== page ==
Only after my imagination is fired, my thirst to know more has begun, a seed of ‘Why?’ is planted in my brain.

Amma, I feel trapped in the prison-like classroom. I feel my spirit slowly weakening with the monotonous teaching. Often, when I ask a basic question our teachers say, “No time for all that. Let us finish the syllabus.”

I get tired of studying just for marks without pausing to truly understand.

I want to go to the museum with my classmates and hear my teacher explain the stories of the artefacts.

I want plenty of nature trips where real Biology classes would be held.

I want to see colourful videos of volcanic eruptions and deep-sea dwellings.

I want our whole school to visit together the historic and cultural places in my city.

I want to learn astronomy after looking through a telescope once.

I don’t want to just read them in my textbooks; I want to see, hear, touch, smell and taste whatever I can. I want to experience.

Why can’t the school make at least one such trip every year?

And, I cannot stoop down anymore to carry my school sack. My back is ready to break. Why should I carry all the books everyday? Why can’t we have only two subjects per day? Or, why don’t we have lockers like in the Western schools? And, why should I squeeze in that over-crowded auto?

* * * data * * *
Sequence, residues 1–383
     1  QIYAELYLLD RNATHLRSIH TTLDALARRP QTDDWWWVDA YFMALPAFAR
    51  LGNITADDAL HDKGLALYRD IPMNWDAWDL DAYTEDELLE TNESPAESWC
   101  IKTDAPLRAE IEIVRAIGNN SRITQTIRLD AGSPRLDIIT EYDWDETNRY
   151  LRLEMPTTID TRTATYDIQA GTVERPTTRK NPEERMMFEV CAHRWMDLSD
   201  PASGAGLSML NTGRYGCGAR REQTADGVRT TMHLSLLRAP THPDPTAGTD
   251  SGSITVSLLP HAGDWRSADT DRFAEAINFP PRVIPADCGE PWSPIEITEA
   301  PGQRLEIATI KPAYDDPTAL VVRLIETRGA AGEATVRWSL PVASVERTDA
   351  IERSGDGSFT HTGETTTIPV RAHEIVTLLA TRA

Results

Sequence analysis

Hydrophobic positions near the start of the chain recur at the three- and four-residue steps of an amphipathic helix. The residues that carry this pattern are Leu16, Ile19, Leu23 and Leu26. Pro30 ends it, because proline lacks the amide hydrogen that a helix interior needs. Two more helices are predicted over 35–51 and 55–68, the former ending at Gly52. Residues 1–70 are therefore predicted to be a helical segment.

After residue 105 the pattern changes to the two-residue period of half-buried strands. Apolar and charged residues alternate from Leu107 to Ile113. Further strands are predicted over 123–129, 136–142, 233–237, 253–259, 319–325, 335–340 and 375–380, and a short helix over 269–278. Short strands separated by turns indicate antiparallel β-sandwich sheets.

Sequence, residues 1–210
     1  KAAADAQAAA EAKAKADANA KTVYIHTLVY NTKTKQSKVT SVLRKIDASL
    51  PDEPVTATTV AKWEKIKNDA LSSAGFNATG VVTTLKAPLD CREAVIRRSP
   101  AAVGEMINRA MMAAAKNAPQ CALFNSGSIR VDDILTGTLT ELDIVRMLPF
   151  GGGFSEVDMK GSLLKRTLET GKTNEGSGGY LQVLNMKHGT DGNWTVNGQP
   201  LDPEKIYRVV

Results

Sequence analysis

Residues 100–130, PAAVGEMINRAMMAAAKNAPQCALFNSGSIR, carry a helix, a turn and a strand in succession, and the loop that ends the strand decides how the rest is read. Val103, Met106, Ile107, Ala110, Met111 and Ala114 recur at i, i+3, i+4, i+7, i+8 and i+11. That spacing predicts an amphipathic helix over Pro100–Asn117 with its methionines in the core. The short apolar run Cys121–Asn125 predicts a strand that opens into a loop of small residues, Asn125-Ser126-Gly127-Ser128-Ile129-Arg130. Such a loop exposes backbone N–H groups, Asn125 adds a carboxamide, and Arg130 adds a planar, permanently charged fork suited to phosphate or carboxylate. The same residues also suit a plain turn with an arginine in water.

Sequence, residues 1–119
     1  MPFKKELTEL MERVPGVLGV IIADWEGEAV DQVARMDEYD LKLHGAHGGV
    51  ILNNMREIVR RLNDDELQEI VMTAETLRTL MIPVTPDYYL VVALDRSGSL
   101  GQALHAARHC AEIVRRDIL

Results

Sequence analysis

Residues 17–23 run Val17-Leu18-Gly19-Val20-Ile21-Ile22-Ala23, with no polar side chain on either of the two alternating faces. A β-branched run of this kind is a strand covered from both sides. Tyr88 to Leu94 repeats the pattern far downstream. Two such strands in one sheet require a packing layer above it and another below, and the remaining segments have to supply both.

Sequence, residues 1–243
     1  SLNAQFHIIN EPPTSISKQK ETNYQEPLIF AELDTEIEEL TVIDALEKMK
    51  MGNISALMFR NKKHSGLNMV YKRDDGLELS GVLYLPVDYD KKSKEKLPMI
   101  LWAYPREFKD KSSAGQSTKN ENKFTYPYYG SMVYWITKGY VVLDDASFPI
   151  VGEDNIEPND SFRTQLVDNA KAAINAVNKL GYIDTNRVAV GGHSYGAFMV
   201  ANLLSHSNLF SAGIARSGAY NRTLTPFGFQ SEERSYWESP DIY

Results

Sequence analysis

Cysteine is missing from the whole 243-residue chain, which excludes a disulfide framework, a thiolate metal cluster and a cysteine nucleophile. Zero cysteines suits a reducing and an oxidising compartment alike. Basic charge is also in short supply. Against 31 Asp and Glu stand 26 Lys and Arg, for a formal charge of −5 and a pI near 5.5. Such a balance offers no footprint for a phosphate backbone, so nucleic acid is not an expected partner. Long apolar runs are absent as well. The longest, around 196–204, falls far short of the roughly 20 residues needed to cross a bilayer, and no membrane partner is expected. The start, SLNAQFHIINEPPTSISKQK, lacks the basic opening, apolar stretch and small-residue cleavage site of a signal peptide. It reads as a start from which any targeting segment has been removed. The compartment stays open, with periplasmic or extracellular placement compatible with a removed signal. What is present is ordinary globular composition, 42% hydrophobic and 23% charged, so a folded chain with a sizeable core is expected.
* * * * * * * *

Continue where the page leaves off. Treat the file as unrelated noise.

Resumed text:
But, Amma, growing up no longer seems to be fun. I see only more of homework, winter projects, summer classes, weekly tests, monthly tests, quarterly, half-yearly and annual exams, external competitive exams, more tests, more competitions, more pressure, more stress…

When can I sing, paint, dance, swim, or cycle?

When I can just play cricket or even hide-and-seek?

What happened to that minimum sleep that you always say a child needs?

Why should I always study, study?

Amma, I am scared of increasing atrocities by untrustworthy teachers, ragging-raving seniors, acid-loving nuts, perverted adults…

Ma, right now, I don’t want to be a doctor, engineer or anything else.

I just want to feel safe and secure, play and learn without any stress before I become an adult like you.

I only want to enjoy my childhood, Ma.